Obamateurism of the Day
posted at 8:01 am on July 20, 2012 by Ed Morrissey
Barack Obama stepped in it when he told small business owners that they didn’t deserve credit for their own success with his “you didn’t build that” speech in Roanoke, Virginia a week ago, but that wasn’t his only gaffe in his class-warfare argument. Obama argued that government built most of our grandest ventures:
So we say to ourselves, ever since the founding of this country, you know what, there are some things we do better together. That’s how we funded the GI Bill. That’s how we created the middle class. That’s how we built the Golden Gate Bridge or the Hoover Dam.
Er, perhaps the White House should learn to Google. Government built the Hoover Dam, all right, but it had nothing to do with the Golden Gate Bridge … except to get in the way of its construction, as W. J. J. Hoge explains (via Reason):
That’s only half true. The federal government did build Hoover Dam. However, the Golden Gate Bridge was funded by a $35 million dollar bond issue by the six counties in the Golden Gate Bridge District. It was a state-authorized project built by a partnership of local governments.
Reason reveals that we owe a big debt for the Golden Gate Bridge to … the one percent:
What’s more, the conservative commentator Thomas Purcell asserted last November (Obama having been playing the Golden Gate card for a while now), “it was the ‘One Percenters’, as is the term coined of the rich and powerful these days, that built the Golden Gate, not government. More importantly, it was government that posed more obstacles for the building of the bridge than any other entity and if the Department of Defense had their way it never would have been built at all.” More Purcell:
The Department of Defense (then called the Department of War) kicked and screamed saying that the bridge would be dangerous and block the channel from ships going in an out of the Presidio base.
Since the DOD owned the land on either side of the channel, there was no way to build it without Federal approval, and they refused to grant it.
After another year of wrangling, and some heavy support from the fledgling automotive industry lobbying (yes, they had lobbyists back then too), the DOD finally relents and allows construction of the bridge, but only sells the land back to the state commission and does not participate in its construction.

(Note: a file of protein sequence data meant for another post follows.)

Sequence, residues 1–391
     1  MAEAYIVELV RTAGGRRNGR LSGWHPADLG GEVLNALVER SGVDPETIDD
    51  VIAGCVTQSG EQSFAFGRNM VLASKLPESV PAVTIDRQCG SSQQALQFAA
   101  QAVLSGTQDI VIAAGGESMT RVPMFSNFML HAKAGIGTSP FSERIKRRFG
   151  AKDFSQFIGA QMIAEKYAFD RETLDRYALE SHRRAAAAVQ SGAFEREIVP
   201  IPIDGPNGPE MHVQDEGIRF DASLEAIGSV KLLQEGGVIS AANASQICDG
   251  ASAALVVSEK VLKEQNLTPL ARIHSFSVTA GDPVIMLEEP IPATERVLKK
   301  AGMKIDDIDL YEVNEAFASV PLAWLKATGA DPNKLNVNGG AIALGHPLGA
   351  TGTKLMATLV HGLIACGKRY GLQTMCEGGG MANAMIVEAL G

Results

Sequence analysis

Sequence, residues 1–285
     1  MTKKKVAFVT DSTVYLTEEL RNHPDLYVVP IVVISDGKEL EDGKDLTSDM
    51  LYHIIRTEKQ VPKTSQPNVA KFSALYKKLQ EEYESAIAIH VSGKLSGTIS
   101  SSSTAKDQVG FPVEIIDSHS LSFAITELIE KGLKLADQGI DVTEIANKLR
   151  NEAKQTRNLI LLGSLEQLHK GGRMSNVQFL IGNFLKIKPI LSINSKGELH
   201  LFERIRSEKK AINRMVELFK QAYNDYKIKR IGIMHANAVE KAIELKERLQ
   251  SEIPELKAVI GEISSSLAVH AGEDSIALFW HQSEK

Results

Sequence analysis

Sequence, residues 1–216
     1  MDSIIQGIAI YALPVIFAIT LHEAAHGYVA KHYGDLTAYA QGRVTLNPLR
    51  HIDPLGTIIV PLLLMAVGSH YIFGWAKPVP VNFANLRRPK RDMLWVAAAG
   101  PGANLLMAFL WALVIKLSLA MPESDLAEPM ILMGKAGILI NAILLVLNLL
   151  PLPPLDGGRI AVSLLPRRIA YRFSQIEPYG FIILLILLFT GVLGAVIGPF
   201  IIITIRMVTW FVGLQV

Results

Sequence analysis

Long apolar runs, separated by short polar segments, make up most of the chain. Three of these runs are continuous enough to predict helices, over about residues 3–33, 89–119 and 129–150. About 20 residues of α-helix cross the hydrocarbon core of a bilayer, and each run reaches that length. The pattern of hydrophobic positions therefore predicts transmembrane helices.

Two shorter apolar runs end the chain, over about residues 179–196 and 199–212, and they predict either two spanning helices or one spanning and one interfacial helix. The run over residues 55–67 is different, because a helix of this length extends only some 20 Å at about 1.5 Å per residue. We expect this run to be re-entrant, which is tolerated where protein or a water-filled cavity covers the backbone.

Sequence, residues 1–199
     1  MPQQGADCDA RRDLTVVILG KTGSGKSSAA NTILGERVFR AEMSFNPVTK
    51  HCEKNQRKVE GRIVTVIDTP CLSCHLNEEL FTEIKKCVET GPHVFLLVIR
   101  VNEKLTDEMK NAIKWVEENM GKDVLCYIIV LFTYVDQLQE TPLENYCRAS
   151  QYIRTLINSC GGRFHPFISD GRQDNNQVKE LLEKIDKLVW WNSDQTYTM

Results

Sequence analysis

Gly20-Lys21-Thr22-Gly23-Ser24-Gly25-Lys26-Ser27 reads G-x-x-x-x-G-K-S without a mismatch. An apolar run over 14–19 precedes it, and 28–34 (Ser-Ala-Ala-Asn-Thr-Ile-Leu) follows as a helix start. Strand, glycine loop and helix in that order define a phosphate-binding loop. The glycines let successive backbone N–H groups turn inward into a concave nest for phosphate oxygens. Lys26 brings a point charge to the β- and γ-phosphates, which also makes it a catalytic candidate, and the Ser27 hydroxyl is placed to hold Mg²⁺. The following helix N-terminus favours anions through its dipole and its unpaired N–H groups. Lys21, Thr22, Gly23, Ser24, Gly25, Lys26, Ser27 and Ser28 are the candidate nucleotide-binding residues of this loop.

Construction did not go as smoothly as planned. It takes another FIVE years for the government and the architects to come to agreement on the design. Furthermore, Federal contractor unions wanted the contracts to build the bridge and stalled the government on the issue, demanding they take action to halt construction unless they got the contract. Fortunately, local authorities insisted that as part of the contract only local labor would be used instead of Federal union contracts, insuring the area had work during Depression era unemployment.
The financing of the bridge came from private industry and local landowners, too, as Purcell explains, emphases mine:
A second problem in 1929 when the US Stock Market collapsed made for more problems. The Golden Gate committee now has trouble issuing the bond needed for the construction of the bridge, even though the citizens of the surrounding area had put up their own personal lands and farms as collateral. It takes 3 more years and the wealthy President and founder of Bank of America, A.P. Giannini, to personally buy the 35 million dollar bond which he then finances through the bank. Without the bank and the intervention of private industry fueled by personal wealth, again the bridge would not have been built. By 1937 the bridge is completed—and Strauss delivers the bridge 1.7 million UNDER budget, using local non-union labor and private contractors.
The Golden Gate Bridge is not a symbol of government planning or a government project—it is a bridge built DESPITE government setbacks and government intervention and is the sole achievement of individuals working in and with the private sector to overcome these obstacles.
How many more grand projects might the private sector produce if government wasn’t confiscating one dollar out of every four? Perhaps enough to build a research center, which Obama and his speechwriters rather desperately need.
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